Thanks tc for the interesting article.

    To view links or images in signatures your post count must be 10 or greater. You currently have 0 posts.

    My alternative universe...
    Así pues, aquí estamos.

  3. #3
    Senior Member Array russellsimpson's Avatar
    Join Date
    Oct 2005
    Location
    Muskogee, Oklahoma, USA
    Posts
    22,942
    vCash
    11025000
    Thanks
    308
    Thanked 207 Times in 182 Posts


    Rep Power
    79365
    Thanks for the review TC.

    It's going to save me buying the book.

    Hell, I'm saving money already.
    When being run out of town, get in front of the crowd and make it appear like a parade.

  4. #4
    Pretty Like Girl Array WilliamBlake's Avatar
    Join Date
    Jul 2006
    Location
    Somewhere hot and wet
    Posts
    23,276
    vCash
    500
    Thanks
    343
    Thanked 303 Times in 185 Posts


    Rep Power
    114965
    And what about Damien Hirst’s platinum skull encrusted with diamonds? The original asking price was 50 million pounds, or about $100 million at the time.
    I don't care what you say, I'm not paying that much just to get a little head.
    I married two separate women to save them from poverty - which was big o' me.

  5. #5
    Tiny Bubbles Array Don Ho's Avatar
    Join Date
    May 2009
    Location
    Buriram
    Posts
    3,499
    vCash
    700
    Thanks
    138
    Thanked 178 Times in 115 Posts


    Rep Power
    44625
    I saw this in action at the jade factory up by Doi Suthep in Chiang Mai. After leading your through a "tour" and giving you lots of interesting information on the different types of jade you are led to the showroom. I wasn't really interested in buying anything but I let a girl show me some rings. The first one she showed me was imperial jade set in white gold with saphires on the side. It was a nice piece, the price was over $1,500 I think. I told her it was nice but way out of my price range. No problem, take a look at this nearly identical ring, it's the same design but made of white gold plated silver. The price? Only $380 a bargain!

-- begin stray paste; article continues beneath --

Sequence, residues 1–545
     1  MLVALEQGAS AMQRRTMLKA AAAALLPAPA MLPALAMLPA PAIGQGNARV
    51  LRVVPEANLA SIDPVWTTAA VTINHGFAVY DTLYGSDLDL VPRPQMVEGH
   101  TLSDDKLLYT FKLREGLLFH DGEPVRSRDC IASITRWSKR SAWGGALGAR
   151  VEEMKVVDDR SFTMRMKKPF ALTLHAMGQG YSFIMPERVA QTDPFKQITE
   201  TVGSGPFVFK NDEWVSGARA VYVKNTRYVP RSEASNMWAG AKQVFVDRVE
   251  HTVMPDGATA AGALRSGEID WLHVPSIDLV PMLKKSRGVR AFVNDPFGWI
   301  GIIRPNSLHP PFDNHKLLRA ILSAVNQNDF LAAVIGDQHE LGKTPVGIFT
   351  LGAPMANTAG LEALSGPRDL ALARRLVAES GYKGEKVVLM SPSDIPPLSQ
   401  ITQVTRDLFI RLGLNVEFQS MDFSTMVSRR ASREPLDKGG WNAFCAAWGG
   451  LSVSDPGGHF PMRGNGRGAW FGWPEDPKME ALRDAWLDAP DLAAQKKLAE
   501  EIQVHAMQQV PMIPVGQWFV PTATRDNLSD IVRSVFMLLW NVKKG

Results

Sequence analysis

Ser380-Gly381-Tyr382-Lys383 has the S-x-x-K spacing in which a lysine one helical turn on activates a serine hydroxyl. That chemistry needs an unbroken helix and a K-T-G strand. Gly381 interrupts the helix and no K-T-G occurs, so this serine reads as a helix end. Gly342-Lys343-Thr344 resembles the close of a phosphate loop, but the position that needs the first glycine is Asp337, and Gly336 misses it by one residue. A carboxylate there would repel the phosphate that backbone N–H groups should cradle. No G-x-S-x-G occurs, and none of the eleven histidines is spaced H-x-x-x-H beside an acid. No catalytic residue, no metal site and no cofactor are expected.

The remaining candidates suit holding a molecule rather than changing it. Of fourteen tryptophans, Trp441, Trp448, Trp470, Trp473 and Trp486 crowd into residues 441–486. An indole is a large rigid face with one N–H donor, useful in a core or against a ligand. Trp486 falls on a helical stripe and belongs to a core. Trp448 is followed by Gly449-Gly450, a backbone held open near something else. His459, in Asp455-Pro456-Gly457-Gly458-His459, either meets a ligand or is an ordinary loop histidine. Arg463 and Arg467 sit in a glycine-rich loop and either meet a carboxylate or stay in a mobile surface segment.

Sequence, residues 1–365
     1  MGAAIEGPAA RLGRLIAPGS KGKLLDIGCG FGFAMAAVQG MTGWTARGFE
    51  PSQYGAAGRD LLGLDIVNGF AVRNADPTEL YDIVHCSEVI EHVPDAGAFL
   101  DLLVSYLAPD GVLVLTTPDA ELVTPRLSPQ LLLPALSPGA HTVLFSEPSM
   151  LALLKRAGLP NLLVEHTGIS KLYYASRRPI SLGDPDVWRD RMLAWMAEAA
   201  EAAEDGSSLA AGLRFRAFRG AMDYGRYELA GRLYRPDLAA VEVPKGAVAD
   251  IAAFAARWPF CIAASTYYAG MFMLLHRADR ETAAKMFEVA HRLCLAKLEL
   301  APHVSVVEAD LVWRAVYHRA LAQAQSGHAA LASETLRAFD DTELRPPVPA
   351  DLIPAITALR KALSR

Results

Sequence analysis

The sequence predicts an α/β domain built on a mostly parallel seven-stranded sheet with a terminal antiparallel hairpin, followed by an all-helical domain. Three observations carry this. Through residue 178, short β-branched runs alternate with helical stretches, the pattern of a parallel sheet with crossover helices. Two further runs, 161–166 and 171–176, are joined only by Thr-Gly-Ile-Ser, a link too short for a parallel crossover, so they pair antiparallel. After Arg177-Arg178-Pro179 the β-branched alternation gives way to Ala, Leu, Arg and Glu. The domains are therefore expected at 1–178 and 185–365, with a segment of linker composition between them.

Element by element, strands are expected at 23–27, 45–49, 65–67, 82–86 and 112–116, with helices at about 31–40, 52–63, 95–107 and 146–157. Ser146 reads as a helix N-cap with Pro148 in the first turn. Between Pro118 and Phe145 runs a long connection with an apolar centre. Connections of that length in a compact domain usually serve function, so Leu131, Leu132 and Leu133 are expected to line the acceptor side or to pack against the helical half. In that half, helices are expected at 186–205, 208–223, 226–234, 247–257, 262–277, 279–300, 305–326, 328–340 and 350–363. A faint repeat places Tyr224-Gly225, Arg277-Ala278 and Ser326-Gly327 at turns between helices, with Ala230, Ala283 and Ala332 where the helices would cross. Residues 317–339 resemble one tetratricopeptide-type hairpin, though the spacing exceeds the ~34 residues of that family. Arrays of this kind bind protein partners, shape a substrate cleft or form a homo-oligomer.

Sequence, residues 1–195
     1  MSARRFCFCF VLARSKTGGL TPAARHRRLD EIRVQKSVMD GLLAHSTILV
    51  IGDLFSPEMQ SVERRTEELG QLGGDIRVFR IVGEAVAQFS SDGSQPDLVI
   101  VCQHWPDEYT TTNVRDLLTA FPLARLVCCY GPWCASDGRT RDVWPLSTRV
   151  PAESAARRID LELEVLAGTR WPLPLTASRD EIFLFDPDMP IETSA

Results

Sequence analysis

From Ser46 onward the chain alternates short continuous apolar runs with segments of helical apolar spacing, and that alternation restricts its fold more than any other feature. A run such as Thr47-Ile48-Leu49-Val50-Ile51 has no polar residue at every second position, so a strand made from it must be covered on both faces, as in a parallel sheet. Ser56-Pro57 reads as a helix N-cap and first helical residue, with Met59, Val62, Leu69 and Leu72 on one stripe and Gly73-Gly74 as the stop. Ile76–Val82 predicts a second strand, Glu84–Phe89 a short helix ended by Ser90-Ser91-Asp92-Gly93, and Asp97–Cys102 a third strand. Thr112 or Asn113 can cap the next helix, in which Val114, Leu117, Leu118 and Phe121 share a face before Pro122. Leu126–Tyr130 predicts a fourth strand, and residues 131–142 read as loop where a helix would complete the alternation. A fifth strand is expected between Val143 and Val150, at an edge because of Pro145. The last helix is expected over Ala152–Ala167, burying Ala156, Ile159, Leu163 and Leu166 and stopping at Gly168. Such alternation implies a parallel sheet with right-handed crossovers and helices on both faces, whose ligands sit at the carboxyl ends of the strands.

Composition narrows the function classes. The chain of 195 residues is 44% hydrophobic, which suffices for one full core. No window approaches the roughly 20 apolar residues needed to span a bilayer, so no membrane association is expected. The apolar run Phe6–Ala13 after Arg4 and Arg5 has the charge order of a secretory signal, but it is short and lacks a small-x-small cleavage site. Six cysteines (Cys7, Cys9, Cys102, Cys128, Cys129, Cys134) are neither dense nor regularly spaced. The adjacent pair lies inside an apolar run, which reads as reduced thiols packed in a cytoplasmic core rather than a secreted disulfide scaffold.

"While Jim is milking the Russian Boar, I'm in the shade of a Baobab tree being served a cool drink by a beautiful young indigenous girl. "
    Marlin Perkins

    Aloha - Aloha HARD

Similar Threads

  1. LPG Price Increase
    By zehner in forum Thailand News Clippings
    Replies: 8
    Last Post: 15th November 2008, 09:39
  2. Price of Fruit
    By fencesitter in forum Practicalities Of Living In Thailand
    Replies: 79
    Last Post: 28th July 2008, 10:41
  3. What's a good price for a Wii
    By keeshou in forum Computers, Technology and the Internet in Thailand.
    Replies: 8
    Last Post: 19th June 2007, 00:21
  4. One price for ALL !!!
    By Tom_Tom in forum Houses, Apartments and Condos
    Replies: 3
    Last Post: 10th August 2005, 00:09

Tags for this Thread

Posting Permissions

  • You may not post new threads
  • You may not post replies
  • You may not post attachments
  • You may not edit your posts
  •